The Villains of HIGH MAGA, by Karin Rita Gastreich



The Villains of HIGH MAGA

One of the greatest challenges of writing High Maga was crafting the villains. My first novel, Eolyn, had a formidable antagonist in the wizard Tzeremond. But the antagonists of High Maga, Queen Rishona and Prince Mechnes, raised villainy to a whole new level for me.

Rishona of the Syrnte was born under tragic circumstances. Her parents, Prince Feroden of Moisehén and his Syrnte wife, Tamara, were slaughtered while attempting to return to Feroden’s homeland, where he intended to claim the crown. Tamara was pregnant with Rishona when they were attacked, and gave birth as she died.  Gifted with the extraordinary power of Syrnte sight, Rishona remembers this moment in all its horror.  A forester rescued Rishona and returned her to the Syrnte, where she was raised by her uncle Mechnes. Rishona grew up determined to avenge the death of her parents and to claim her father’s throne in Moisehén.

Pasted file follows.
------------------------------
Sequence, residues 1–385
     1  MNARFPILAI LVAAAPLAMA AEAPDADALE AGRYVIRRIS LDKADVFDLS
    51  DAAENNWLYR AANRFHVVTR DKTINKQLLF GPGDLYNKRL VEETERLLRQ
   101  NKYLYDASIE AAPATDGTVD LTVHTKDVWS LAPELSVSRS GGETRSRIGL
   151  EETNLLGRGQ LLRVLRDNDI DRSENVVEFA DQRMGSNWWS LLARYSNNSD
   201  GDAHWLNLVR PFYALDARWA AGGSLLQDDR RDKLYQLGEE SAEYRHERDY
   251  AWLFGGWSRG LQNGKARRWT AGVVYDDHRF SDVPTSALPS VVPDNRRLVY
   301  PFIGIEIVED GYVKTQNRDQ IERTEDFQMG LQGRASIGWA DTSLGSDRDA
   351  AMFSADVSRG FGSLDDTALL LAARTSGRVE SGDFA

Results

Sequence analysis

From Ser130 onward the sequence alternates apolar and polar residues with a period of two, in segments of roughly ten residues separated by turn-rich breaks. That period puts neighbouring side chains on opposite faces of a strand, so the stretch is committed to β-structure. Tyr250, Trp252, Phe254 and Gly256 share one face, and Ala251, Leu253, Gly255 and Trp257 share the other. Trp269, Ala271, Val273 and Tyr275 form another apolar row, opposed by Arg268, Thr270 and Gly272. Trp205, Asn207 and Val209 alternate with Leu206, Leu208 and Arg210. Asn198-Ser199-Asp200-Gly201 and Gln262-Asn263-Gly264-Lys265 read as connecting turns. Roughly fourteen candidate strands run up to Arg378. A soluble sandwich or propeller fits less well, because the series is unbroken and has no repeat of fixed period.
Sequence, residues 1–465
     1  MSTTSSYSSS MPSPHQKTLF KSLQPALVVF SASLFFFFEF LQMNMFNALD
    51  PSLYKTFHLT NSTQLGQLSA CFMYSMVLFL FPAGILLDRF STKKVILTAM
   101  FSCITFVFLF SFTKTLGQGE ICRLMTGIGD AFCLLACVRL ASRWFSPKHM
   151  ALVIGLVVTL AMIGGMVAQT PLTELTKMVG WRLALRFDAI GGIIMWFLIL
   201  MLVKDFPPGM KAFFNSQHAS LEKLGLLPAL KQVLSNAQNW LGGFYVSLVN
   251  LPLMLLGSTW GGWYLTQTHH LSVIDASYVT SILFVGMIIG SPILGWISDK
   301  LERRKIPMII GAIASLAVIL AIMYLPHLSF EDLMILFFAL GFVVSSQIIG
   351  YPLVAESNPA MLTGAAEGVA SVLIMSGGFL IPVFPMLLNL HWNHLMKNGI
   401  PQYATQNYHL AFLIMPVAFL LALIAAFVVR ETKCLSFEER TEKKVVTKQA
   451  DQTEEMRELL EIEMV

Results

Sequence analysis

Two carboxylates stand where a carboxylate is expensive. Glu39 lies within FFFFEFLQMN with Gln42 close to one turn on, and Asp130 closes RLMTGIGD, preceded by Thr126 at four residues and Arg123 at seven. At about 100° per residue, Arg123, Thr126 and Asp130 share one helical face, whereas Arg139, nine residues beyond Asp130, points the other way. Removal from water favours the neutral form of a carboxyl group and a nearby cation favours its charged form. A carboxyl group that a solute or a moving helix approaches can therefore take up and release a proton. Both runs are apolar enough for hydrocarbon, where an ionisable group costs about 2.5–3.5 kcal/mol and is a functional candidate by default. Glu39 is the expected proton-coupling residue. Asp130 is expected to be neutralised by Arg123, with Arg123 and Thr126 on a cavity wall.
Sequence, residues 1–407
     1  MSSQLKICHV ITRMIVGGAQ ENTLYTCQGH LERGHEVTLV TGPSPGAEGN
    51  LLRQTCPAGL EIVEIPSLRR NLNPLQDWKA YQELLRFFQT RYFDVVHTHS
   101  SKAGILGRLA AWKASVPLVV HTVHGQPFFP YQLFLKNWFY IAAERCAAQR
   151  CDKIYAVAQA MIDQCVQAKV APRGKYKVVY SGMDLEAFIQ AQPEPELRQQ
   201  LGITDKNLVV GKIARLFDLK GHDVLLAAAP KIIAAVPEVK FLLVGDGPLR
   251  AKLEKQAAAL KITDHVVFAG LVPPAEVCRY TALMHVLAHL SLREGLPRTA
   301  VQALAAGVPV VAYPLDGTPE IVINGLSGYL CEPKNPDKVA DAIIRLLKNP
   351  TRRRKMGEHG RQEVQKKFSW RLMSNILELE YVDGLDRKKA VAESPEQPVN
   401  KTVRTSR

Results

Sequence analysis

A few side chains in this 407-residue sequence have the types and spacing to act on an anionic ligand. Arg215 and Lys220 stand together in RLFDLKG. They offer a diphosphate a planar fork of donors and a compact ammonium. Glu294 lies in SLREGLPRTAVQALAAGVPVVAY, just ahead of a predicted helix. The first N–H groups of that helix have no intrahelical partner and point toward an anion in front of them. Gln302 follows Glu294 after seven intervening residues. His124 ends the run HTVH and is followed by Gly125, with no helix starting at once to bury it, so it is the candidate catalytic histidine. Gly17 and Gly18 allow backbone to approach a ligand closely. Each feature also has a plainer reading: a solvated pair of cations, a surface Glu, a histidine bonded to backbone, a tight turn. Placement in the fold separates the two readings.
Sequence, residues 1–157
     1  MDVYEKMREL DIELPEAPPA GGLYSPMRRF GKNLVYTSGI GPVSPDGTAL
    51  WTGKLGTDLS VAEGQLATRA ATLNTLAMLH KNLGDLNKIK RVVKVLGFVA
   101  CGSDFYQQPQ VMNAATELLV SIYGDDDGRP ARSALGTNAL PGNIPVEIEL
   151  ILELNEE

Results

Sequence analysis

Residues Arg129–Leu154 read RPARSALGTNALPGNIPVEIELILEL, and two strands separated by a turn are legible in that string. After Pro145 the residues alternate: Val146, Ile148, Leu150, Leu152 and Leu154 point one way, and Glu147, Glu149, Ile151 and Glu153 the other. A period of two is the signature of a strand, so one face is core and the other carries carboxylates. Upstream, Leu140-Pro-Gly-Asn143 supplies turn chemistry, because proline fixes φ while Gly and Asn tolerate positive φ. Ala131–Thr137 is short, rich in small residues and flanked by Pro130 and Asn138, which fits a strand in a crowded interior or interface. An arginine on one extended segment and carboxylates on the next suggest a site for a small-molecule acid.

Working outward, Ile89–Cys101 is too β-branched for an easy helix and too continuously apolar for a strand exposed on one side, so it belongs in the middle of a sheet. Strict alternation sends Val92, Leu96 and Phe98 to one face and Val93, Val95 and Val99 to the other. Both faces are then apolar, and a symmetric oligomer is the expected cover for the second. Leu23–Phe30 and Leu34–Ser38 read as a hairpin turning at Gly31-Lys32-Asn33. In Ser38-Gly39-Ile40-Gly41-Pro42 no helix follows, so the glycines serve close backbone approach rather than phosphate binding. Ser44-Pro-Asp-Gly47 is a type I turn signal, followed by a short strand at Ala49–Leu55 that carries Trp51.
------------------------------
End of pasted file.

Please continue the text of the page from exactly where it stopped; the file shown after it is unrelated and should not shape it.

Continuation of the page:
The Syrnte are a sophisticated and complex culture, ruled by an extended royal family whose wealth, hunger for power, and capacity for corruption know few bounds.  While Rishona learned to thrive as part of the royal family, she also in a very deep way despises them.  In this she takes after her mother Tamara, who also longed to escape the twisted power plays and establish a new life on her own terms as Queen of Moisehén.

By the time we meet Rishona in High Maga, she has tried every avenue available to fulfill her ambitions. Every avenue, that is, except for dark magic.  Out of desperation she decides to summon ancient monsters called Naether Demons in hopes that their fury will help her defeat her cousin, King Akmael of Moisehén. Once the crown is rightfully hers, Rishona intends to send the Naether Demons back to the Underworld and establish a peaceful and just realm.

Rishona’s uncle, Mechnes, is a force of nature.  Brilliant and ruthless, a conqueror of nations, Mechnes excels in violence, manipulation, and sensual pleasures.  Like Rishona, he carries the gift of Syrnte sight; unlike her, he uses it with impunity. For Mechnes, people's hopes and dreams, their ambitions and fears, their strengths and weaknesses, are all meant to serve his own ambitions. Mechnes has no doubt that privilege should accrue to the powerful, and as a powerful man, he believes he deserves every manner of privilege within his reach.